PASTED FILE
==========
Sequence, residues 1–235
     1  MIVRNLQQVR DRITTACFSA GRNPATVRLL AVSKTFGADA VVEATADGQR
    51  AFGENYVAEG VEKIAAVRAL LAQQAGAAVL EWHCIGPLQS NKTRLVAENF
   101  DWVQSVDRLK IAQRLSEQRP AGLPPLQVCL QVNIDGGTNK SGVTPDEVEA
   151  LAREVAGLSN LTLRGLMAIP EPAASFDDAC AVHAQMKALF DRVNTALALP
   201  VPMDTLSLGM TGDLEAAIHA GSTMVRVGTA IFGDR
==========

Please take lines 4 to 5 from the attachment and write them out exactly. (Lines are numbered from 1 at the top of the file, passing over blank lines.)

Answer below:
   101  DWVQSVDRLK IAQRLSEQRP AGLPPLQVCL QVNIDGGTNK SGVTPDEVEA
   151  LAREVAGLSN LTLRGLMAIP EPAASFDDAC AVHAQMKALF DRVNTALALP